Trent Boult - New Zealand's star fast bowler has been humming at the showpiece event, proving both dangerous and economical.
His 3/20 against India set New Zealand on a path that would see them win four matches on the bounce to reach the semi-finals, and he delivered a consistent quality throughout the Super 12 stage.
He had his first quiet match of the tournament in the semi-final, taking 0/40, and New Zealand will need him to rediscover his groove given the calibre of the top-order they find themselves again.
Road to the final
The final-over victory over South Africa at the start of the Super 12 stage felt like an important result at the time, and so it proved, with the five-wicket win meaning ultimately proving pivotal.
It was a match that always felt like it was in control for Australia, yet one that was consistently threatening to get away. With their all-star attack back together again, they had reduced South Africa to 23/3 inside the Powerplay and held them to 118/9.
That proved a far more difficult chase than they would have liked as they slipped to 38/3 and 81/5, only getting home with two balls to spare.
The campaign picked up steam from there as they dispatched Sri Lanka with ease, with openers Aaron Finch and David Warner both finding their groove.
That momentum they had built dissipated quickly as they were crushed by England by eight wickets with 50 balls to spare. Just as the narrow victory over South Africa had felt vital, so too did this one feel potentially a tournament ending as it had decimated their net-run rate.
Thankfully, from an Australian perspective, that NRR damage was short-lived, as they bowled Bangladesh out for 73 next up. The fact that Finch, Warner and Mitchell Marsh chased it down in just 38 balls more than made up for the run rate losses to England.
And another eight-wicket win over West Indies on the final day proved enough, though there was a nervous wait.
Qualification wasn’t confirmed even after that fourth win, with South Africa needing a victory and a significant but gettable run-rate swing against England to leapfrog the Australians. But while the Proteas got the win, they didn’t overturn the NRR difference, with Australia going through in second place to line up a semi-final against Pakistan.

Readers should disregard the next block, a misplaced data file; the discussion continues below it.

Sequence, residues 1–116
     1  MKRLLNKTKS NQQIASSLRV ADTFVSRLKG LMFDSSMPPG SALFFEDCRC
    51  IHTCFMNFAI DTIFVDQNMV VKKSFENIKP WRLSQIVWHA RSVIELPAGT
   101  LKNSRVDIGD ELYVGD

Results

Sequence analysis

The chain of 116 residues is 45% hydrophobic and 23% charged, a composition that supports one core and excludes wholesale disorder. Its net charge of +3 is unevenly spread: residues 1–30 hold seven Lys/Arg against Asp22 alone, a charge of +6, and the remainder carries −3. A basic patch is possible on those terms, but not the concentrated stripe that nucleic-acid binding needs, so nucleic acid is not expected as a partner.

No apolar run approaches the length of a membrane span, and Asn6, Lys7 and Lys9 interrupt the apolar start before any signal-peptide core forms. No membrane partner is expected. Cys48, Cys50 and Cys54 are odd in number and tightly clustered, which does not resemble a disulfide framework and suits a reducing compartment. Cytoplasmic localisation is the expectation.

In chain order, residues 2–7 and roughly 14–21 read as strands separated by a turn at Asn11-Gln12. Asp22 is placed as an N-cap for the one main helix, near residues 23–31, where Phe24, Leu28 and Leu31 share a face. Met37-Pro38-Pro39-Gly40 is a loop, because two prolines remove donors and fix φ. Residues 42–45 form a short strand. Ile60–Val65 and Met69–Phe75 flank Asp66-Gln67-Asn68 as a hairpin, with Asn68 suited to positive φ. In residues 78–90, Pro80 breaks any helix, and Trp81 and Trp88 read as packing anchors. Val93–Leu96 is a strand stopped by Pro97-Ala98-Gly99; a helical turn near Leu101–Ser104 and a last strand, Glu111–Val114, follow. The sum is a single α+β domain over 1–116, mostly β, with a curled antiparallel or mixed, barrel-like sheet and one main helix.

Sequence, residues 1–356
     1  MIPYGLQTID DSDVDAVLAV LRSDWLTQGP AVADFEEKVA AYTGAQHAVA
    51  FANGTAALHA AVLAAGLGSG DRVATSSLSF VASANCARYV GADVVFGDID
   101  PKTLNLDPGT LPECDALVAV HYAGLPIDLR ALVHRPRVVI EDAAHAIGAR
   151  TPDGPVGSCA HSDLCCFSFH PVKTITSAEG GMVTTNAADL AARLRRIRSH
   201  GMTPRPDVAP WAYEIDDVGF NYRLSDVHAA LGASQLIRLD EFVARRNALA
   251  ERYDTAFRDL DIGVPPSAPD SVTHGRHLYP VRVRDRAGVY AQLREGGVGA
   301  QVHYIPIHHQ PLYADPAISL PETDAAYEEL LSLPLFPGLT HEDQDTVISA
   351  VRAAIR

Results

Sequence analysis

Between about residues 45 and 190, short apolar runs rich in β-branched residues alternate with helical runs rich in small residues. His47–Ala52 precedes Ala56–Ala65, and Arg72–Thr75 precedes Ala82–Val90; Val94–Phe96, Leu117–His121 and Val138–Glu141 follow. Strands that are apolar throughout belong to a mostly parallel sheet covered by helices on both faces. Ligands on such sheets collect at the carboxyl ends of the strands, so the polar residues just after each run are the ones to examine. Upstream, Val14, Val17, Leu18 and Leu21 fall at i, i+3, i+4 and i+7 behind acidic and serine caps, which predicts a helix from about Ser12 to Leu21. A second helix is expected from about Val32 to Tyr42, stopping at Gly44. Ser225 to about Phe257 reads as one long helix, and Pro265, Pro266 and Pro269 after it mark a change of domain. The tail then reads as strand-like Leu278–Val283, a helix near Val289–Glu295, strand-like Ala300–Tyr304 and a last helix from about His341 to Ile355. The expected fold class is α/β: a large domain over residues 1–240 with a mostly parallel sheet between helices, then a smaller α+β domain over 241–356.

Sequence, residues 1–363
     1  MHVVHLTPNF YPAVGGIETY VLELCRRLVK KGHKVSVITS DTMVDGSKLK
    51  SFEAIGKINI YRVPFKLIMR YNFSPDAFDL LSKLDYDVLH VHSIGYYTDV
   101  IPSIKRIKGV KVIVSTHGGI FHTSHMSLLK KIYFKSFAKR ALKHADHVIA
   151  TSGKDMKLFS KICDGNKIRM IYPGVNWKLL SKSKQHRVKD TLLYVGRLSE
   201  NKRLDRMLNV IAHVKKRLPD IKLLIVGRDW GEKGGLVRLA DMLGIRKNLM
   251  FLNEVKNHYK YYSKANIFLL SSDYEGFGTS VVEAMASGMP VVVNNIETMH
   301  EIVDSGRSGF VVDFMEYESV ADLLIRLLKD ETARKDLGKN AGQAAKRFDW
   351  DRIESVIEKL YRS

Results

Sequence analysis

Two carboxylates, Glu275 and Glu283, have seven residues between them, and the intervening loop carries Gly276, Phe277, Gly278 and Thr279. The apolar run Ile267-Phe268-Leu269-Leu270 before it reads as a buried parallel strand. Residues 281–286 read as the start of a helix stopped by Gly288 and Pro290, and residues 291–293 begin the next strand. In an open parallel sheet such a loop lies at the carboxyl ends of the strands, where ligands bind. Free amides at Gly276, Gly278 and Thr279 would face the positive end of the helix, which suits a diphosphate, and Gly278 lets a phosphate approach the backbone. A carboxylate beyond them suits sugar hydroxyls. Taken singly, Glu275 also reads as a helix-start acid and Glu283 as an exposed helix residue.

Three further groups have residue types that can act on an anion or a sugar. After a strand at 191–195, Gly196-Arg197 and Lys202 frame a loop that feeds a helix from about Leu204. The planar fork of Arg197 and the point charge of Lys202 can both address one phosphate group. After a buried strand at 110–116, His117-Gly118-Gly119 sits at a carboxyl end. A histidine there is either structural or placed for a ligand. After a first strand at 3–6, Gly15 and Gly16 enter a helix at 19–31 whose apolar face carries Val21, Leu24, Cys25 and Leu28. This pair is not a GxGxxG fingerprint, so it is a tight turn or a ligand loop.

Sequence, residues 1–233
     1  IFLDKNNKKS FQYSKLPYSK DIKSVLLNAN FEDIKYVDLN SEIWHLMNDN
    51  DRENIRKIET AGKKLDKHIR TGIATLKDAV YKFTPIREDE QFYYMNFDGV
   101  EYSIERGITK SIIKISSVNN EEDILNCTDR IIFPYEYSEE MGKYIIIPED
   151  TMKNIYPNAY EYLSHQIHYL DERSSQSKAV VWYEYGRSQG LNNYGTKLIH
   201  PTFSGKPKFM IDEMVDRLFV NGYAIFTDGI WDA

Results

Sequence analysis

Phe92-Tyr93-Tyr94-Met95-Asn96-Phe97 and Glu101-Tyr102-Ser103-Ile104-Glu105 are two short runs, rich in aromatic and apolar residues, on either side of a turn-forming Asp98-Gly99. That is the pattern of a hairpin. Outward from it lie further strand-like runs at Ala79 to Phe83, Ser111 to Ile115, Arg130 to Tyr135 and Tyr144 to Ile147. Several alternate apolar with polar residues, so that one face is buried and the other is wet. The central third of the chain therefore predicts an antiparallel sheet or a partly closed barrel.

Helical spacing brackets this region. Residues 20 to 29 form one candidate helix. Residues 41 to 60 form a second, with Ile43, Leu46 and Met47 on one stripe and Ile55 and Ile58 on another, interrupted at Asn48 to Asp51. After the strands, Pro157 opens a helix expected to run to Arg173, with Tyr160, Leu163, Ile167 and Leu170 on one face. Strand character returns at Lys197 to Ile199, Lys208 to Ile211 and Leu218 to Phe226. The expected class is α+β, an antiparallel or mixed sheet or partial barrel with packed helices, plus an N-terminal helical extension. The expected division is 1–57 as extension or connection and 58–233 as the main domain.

Like New Zealand, Australia timed their chase perfectly, getting home with an over to spare in the tensest of matches.
Going into the 19th over they still needed 22 runs to win and the man bowling was the red-hot Shaheen Afridi. His first two balls were perfect, leaking just a leg bye.
His third was a wide down the legside and the repeat should have seen Matthew Wade perish as Hasan Ali failed to hold onto a catch at deep midwicket.
Not one to waste a second chance, Wade proceeded to scoop Shaheen's next delivery - a yorker on middle - over fine leg for six. He cleared his front leg to send the next delivery over midwicket, and then hit a third consecutive six to end the game.
David Warner – 236 runs at an average of 47.20 and David Warner has gone from Australia’s worry at the top of the order to their most in-form batter. He has a penchant for making runs at big tournaments, so his success here should not surprise anyone.
Warner has two half-centuries to his name this T20 World Cup but his most important performance where his 49 set the chase up for Australia.
With the southpaw in form, Australia have every reason to be confident going into the final.
Adam Zampa – Only Sri Lanka’s Wanindu Hasaranga has taken more wickets than Australia’s x-factor spinner, and Zampa’s threat is a real boost to the attack. His ability through the middle overs has been particularly important for Australia, and it was he and Glenn Maxwell who put the brakes on Pakistan’s fast start before the leggie dismissed Babar Azam.
In an attack that featured Mitchell Starc, Pat Cummins and Josh Hazlewood, it speaks volumes that Zampa is undisputedly the star of the bowling pack.
If Australia goes all the way, he will be firmly in the running to be crowned Player of the Tournament status.
ICC Men's T20 World Cup
KATHMANDU, November 11: New Zealand sealed a spot in the final of the ICC Men’s T20 World Cup, 2021 beating England.
Daryl Michell was the hero as New Zealand chased down 167 in Abu Dhabi.
The Black Caps opener carried his bat in a stunning knock, producing a brilliant late display of power-hitting as New Zealand raced through the gears to avoid a nervy finish, winning with an over to spare.
Chris Woakes’ two early wickets in the Powerplay had restricted the Kiwi chase. But a steadying knock from Devon Conway and a quickfire 27 from James Neesham put New Zealand on top, with Chris Jordan's 16th over going for 23 runs to swing the match in New Zealand's favour.
And it was Mitchell who finished the job, hitting 25 off his last seven deliveries to win it with an over to spare.
Earlier, Ali and Dawid Malan helped England reach 166/4 in an occasionally scratchy first innings.
Scoring was slow and steady for much of England’s effort with the bat, with openers Jonny Bairstow and Jos Buttler steady but unspectacular through the Power Play, before Malan and Ali’s partnership rebuilt the innings.
Some big hits late on from Livingstone and Ali, who finished on 51*helped England to 166/4.